Vintage Belt Change Dispensers: What Were They Used For and Where Are They Now?

A Vintage Change Dispenser From Wikipedia

Featured Image Courtesy of Wikipedia.

In older movies, you may have noticed bus drivers or train conductors giving people change with a funny little contraption on their belt.

These changer dispensers were made to attach to belts and make it easy to dispense coins. The user pulls a lever corresponding to a barrel with a denomination, and the coin falls from the bottom into their hand.

The portable coin dispenser was invented by Jacques L. Galef. I couldn’t find the exact year these were invented, but the earliest patent I found by Galef for his coin change machine was from 1921.

How do belt change dispensers work?

The mechanism is incredibly simple. It doesn’t require any batteries or other electronics.

The level is attached to a spring. When the lever is pulled, the spring pulls on the bottom of the barrel, with enough room for exactly one coin to fall through.

When you run out of coins, you simply undo a clasp the top and put coins back in! It’s that simple.

How many coins could wearable coin dispensers hold?

On average, most dispensers hold about 1 roll worth of each coin denomination. This means:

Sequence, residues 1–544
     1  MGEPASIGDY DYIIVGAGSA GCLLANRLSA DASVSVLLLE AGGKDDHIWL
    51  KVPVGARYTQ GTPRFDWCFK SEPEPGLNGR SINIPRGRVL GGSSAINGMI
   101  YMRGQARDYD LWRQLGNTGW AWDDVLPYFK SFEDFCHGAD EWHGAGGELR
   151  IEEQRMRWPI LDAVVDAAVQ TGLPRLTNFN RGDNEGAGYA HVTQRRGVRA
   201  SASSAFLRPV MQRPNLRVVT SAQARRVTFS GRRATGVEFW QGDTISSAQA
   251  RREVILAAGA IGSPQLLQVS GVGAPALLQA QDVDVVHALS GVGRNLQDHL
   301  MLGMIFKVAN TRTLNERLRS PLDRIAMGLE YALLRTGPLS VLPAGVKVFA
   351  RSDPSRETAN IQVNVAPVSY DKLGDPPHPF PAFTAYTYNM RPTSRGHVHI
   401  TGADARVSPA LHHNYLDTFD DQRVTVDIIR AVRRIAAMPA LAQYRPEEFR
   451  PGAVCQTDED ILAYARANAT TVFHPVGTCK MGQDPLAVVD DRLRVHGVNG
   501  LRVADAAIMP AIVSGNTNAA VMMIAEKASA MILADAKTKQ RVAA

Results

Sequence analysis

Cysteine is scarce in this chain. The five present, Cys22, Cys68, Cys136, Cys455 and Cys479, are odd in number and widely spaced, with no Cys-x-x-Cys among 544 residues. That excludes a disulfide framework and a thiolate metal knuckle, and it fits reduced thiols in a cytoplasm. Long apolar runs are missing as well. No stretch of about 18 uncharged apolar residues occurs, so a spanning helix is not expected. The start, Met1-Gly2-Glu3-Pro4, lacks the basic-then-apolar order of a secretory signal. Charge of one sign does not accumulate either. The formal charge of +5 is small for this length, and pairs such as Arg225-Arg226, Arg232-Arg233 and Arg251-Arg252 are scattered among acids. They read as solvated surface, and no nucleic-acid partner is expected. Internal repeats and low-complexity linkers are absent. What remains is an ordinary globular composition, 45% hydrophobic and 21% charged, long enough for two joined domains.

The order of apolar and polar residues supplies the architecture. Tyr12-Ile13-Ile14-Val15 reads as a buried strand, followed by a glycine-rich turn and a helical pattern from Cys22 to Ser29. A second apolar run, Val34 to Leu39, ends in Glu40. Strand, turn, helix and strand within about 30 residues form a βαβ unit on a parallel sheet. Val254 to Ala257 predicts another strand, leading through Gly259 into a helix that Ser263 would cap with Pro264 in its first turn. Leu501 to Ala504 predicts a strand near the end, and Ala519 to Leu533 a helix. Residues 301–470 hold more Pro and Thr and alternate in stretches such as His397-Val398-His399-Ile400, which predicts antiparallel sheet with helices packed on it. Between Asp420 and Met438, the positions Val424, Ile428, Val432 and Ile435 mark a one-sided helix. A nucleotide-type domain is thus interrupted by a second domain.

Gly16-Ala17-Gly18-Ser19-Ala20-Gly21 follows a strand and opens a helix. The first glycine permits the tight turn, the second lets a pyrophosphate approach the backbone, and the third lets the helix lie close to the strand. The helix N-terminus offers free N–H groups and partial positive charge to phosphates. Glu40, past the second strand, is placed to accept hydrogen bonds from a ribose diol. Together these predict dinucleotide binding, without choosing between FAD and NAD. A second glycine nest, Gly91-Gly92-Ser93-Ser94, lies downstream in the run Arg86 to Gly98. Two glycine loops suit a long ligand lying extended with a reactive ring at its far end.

• $10 in Quarters – 40 Quarters
  • $5 in Dimes – 50 Dimes
  • $2 in Nickels – 40 Nickels
  • $0.50 in Pennies – 50 Pennies
  • For a total of $17.50

Are clip on belt coin dispensers still used?

Yes!

The Advantus Four-Barrel Money Changer on Amazon has hundreds of reviews from users! And since Amazon was founded in 1994, I very much doubt there are all from train-ticket collectors.

The Advantus Portable Change Dispenser. Click the Image to be Redirected to Amazon.

Looking through the reviews it seems like the most common way these are used today is people keeping them in their car. That’s a really great way to keep coins organized and easily accessible. No more fumbling around for change at the Drive Thru!

One woman even uses it for her job at Sonic. She commended the money changer for never dropping change or getting jammed.

Others keep them as part of their hobby. They are a really eye-catching piece to have in your house. Although these aren’t vintage, it does act as a great reproduction.

This coin dispenser holds:

  • $9.50 in Quarters – 38 Quarters
  • $5.60 in Dimes – 56 Dimes
  • $1.85 – 37 Nickels
  • $0.49 in Pennies – 49 Pennies
  • For a total of $17.44

I like these coin dispensers a lot! I think they have a really interesting antique look. I’d love to see more businesses incorporating these into their shops.

This would be a great addition to a hipster coffee shop. 😂


As an Amazon Affiliate, I earn ad revenue from purchases made through Amazon links on my site. This does not increase the price of items linked through my site. My purpose is to inform.

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